Peacock Stage, Abbey Theatre, Dublin; from Monday, April 30th until Saturday, May 19th, 8pm; €30/€25; abbeytheatre.ie
"This is a safe place," a psychiatrist tells Eric Miller, the sullen Belfast loyalist at the centre of David Ireland's provocative comedy from 2016. "Here it's okay to say anything you want to say. About anything."
As a playwright whose scabrous work has often explored the mindset of loyalism, Ireland rarely sticks to safe places, and it takes Eric – played with masterful melancholy by Stephen Rea – roughly 60 seconds to test her patience. For Eric nowhere is safe: with both his identity and the future of unionism under threat, the unimaginable has happened: Gerry Adams has disguised himself as Eric's newborn granddaughter to infiltrate the family. "It's very unusual, yes," he agrees, with grave concern.
The greater provocation of Ireland's play is to make Eric's identity crisis stand for the predicament of loyalism, a culture defined through rigid opposition, and the challenge for the Abbey and the Royal Court's coproduction, directed by Vicky Featherstone, is to move beyond comedy and bring the audience deeper into his paranoid delusion.
Rea, who presents a man as alarmed as he is convinced by his beliefs, does well with monologues of painfully funny isolation. But, beyond Eric, Ireland is prone to both underwriting (in thinly conceived women characters) and ludic overwriting (such as a prolonged visitation from an absurd “angel of the UVF”), while Featherstone’s production seems to prefer the anchor of realism, making the play’s later transition into horror harder to pull off.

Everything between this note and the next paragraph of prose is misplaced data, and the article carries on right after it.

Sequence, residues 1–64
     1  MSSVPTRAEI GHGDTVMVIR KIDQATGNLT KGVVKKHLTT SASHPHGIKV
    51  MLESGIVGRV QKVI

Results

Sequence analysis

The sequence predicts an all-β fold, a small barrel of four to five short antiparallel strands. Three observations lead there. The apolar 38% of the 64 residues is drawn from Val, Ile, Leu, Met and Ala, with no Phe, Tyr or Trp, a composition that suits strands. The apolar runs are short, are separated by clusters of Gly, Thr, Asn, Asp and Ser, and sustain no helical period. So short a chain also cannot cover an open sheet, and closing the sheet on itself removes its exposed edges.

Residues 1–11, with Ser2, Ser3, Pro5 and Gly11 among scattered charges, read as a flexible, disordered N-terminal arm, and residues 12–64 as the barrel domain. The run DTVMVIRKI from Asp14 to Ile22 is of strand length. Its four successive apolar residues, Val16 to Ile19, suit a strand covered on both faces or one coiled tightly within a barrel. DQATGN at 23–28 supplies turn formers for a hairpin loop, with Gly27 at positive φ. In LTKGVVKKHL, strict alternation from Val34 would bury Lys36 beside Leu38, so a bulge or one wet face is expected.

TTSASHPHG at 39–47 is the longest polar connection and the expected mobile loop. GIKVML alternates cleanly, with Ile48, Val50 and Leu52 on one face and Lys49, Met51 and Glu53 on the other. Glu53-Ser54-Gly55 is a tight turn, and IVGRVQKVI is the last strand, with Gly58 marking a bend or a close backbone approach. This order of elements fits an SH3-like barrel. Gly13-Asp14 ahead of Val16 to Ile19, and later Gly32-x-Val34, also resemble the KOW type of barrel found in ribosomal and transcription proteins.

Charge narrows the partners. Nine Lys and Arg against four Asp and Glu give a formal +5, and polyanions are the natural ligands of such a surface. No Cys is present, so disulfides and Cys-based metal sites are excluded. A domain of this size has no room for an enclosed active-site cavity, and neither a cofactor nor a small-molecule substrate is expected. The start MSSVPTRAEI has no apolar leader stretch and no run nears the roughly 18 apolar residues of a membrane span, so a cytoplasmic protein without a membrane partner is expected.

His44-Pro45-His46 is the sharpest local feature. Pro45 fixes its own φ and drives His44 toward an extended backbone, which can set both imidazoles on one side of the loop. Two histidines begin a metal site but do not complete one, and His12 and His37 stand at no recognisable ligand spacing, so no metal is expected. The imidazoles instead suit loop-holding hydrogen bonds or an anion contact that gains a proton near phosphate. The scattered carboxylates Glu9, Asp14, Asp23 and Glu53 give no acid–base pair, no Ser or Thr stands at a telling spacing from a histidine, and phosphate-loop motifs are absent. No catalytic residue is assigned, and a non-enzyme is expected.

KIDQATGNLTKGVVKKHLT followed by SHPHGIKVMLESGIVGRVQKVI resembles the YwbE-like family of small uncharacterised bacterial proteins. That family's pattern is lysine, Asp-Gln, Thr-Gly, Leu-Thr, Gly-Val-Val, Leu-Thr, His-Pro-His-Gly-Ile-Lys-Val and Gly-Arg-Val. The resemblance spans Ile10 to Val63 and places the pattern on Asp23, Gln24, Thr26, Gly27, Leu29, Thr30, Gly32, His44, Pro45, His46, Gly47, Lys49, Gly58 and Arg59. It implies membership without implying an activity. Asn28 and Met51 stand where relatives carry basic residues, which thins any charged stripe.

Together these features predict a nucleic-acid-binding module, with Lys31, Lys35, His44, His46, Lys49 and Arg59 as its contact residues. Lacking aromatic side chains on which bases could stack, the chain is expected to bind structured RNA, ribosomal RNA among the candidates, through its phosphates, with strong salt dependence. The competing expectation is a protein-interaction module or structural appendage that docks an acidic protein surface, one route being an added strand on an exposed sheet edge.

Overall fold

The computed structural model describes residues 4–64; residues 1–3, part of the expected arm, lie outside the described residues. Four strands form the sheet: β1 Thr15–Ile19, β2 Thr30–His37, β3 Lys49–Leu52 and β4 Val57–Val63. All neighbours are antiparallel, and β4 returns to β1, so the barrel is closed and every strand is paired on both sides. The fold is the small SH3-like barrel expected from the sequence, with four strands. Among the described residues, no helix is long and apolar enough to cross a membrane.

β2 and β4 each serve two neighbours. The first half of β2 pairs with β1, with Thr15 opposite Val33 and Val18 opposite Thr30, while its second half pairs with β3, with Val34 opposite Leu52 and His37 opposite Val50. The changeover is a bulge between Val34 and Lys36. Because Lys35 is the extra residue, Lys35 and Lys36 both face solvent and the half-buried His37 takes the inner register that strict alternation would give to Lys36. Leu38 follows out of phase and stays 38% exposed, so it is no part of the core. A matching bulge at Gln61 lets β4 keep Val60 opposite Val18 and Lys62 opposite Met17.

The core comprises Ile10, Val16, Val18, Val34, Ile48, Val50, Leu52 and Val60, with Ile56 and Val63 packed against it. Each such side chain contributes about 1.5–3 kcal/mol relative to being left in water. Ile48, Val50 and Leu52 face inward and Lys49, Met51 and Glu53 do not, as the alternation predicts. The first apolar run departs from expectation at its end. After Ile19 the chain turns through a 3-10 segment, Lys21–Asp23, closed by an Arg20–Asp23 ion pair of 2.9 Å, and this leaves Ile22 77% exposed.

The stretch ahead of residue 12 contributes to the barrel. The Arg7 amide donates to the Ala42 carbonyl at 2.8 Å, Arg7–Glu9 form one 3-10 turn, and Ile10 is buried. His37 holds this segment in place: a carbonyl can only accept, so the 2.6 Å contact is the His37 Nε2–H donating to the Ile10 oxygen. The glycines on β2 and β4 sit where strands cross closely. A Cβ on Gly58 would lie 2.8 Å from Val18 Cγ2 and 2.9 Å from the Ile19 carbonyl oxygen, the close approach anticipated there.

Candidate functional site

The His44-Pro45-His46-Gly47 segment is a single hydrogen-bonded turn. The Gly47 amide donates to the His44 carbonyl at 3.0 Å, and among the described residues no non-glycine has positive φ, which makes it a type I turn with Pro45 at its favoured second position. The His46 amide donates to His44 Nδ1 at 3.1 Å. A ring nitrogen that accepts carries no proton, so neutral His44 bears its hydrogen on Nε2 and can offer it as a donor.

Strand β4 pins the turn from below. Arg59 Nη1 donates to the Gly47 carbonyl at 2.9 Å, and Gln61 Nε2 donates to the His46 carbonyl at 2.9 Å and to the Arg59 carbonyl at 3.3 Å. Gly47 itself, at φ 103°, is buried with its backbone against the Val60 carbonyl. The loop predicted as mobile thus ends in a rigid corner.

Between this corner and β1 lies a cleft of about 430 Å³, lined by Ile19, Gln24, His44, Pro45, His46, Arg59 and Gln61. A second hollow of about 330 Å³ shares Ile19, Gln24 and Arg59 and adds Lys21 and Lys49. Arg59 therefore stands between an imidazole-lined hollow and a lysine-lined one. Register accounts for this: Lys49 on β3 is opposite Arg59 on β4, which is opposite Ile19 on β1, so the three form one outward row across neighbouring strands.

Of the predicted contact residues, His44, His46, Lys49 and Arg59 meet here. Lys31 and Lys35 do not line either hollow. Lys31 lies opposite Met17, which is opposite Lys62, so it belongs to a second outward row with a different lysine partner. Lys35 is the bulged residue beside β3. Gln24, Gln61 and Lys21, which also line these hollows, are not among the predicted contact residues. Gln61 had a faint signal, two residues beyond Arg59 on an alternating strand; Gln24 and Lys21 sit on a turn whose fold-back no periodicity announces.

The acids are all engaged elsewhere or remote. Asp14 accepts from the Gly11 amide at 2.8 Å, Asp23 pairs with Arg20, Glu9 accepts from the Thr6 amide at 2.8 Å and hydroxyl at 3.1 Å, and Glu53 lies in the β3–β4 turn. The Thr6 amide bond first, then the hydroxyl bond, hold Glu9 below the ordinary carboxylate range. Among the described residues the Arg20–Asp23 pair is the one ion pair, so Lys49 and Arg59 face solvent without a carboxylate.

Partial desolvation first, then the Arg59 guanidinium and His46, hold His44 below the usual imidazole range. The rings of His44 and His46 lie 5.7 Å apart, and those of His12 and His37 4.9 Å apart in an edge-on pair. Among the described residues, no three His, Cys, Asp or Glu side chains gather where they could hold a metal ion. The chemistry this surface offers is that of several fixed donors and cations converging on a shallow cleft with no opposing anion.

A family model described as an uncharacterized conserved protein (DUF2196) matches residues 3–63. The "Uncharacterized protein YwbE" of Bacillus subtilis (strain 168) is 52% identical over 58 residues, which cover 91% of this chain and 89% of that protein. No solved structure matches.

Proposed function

Ireland’s play, though, is a bold undertaking, a neat inversion of tragicomedy, which – unlike the doomed Eric, who can define himself only in opposition – is able to be two things at once.
The Plough and the Stars
Gaiety Theatre, Dublin; until Saturday, May 5th, 7.30pm (Saturday matinee 2pm); €21-€46; gaietytheatre.ie
The Abbey's 2016 production of The Plough and the Stars, dutifully staged during the centenary of the Easter Rising and revived now to appear in London and Dublin, takes a long view of history. Sean Holmes's vigorous and pacy staging brings Seán O'Casey's characters blinking into the light of the present, intermingling periods and delivering O'Casey's words in voices closer to our own. As one character puts it, that creates "a fierce an' fanciful idea that dead things are livin' and livin' things are dead".
If the aesthetic here is impoverished, it's the poverty of our era: a tenement of rising scaffolding and hoarding, bargain furnishings, a Plough constellation emblazoned on the rear wall in light bulbs. Borrowing as much from epic theatre as brash postdramatic devices, characters speak in direct address, songs are pumped through microphones, and the stage is strewn with trash. It ain't subtle: the show opens with a consumptive Mollser coughing up blood over a copy of Amhrán na bhFiann, for instance. Nationalism, it all suggests, is a shaky performance.
But the cast here is excellent. Kate Stanley Brennan makes a courageous Nora, given an earthy, deep-toned realism, and Hilda Fay now takes over from Eileen Walsh as Bessie, the cantankerous unionist given a grim and heroic tragedy in the shadows of history.